Multifaceted Use of NuroSleeve to Restore Arm Function in Neurological Diseases: Joe Kardine, MS, OTR, CBIS


The clinical program manager at the Jefferson Center for Neurorestoration provided insight on a new myoelectric device designed for restoration of independent arm function in those with neurological diseases. [WATCH TIME: 4 minutes]

WATCH TIME: 4 minutes

"Just by using the affected extremity, even passively, is not only helpful in function but it also reiterates on the back end of what therapy may have reiterated throughout the recovery. It’s a different way of doing it, and also more engaging because you’re starting to involve both extremities and somewhat of what normal function used to be like."

For patients with stroke and those with neurological conditions, developing arm weakness can be a common occurrence. Traditionally, physical therapy-related approaches have been the standard of care; however, with the expansion of technology in recent years, options like portable powered braces and functional electrical stimulation have shown benefits in restoring functional arm movement for these individuals. A new modality for this aspect of care, the NuroSleeve powered brace and stimulation system, is currently being evaluated by researchers at the Jefferson Center for Neurorestoration at Thomas Jefferson University.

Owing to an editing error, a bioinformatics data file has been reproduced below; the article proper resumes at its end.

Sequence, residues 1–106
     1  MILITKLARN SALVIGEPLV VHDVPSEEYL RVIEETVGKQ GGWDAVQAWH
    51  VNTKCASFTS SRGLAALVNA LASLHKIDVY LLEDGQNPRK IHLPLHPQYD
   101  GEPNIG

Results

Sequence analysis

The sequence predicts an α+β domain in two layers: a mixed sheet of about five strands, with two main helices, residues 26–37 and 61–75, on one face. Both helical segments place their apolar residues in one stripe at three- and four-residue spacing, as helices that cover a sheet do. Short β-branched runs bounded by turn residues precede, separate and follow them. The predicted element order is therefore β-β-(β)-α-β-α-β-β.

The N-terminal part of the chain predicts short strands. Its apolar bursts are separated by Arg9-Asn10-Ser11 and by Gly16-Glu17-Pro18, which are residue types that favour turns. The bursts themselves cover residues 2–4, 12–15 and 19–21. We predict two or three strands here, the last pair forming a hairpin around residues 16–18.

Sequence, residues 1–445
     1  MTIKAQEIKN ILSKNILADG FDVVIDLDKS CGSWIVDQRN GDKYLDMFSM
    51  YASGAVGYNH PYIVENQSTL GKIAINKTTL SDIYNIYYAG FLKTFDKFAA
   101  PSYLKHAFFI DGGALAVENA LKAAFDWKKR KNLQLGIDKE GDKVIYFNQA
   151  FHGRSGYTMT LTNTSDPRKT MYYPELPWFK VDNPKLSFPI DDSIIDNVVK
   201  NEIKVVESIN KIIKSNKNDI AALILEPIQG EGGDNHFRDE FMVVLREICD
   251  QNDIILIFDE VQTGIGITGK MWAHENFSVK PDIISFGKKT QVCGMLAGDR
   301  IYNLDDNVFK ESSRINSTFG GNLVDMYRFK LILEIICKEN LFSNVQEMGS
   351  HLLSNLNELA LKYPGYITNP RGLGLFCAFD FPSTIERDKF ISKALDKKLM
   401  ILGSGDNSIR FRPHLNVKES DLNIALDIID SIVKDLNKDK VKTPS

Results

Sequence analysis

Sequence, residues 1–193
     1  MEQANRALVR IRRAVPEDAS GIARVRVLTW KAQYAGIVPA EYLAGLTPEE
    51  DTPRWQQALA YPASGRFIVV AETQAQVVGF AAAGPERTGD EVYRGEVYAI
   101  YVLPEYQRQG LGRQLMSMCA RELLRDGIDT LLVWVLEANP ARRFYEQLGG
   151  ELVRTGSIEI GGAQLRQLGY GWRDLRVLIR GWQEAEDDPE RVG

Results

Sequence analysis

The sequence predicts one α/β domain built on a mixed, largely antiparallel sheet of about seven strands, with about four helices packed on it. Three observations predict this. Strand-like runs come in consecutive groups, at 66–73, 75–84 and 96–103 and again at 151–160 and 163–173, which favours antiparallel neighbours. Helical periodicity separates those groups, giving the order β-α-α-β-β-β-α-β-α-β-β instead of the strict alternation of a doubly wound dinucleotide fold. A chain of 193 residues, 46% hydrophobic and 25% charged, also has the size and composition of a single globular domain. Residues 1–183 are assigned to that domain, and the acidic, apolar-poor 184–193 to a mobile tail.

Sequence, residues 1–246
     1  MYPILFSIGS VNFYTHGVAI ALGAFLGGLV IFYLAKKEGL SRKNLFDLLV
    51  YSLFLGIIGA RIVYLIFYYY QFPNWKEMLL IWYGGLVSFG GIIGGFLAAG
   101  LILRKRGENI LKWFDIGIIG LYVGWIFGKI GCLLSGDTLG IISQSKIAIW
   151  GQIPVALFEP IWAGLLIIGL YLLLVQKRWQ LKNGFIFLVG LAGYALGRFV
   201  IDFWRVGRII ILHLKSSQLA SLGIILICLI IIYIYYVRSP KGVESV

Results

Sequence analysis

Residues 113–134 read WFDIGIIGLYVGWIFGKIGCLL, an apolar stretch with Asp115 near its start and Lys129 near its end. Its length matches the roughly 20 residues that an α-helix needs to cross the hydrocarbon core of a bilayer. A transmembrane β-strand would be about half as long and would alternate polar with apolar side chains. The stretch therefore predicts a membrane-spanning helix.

The overall objective of the study is to establish that children and adults with chronic, stable neurological motor impairment can achieve voluntary control over the NuroSleeve upper extremity orthosis and functional electrical stimulation system, and that they can use this voluntary control to perform functionally beneficial tasks. Currently ongoing, the trial features patients with a range of neurological diseases, including stroke, amyotrophic lateral sclerosis, spinal muscular atrophy, cerebral palsy, and several others.

To learn more about the function of NuroSleeve, how it operates, and why it is effective, NeurologyLive® reached out to Joe Kardine, MS, OTR, CBIS, clinical program manager, Jefferson Center for Neurorestoration. Kardine discussed the multifaceted use of the system across several neurologic conditions and how it can be personally customized for each individual.

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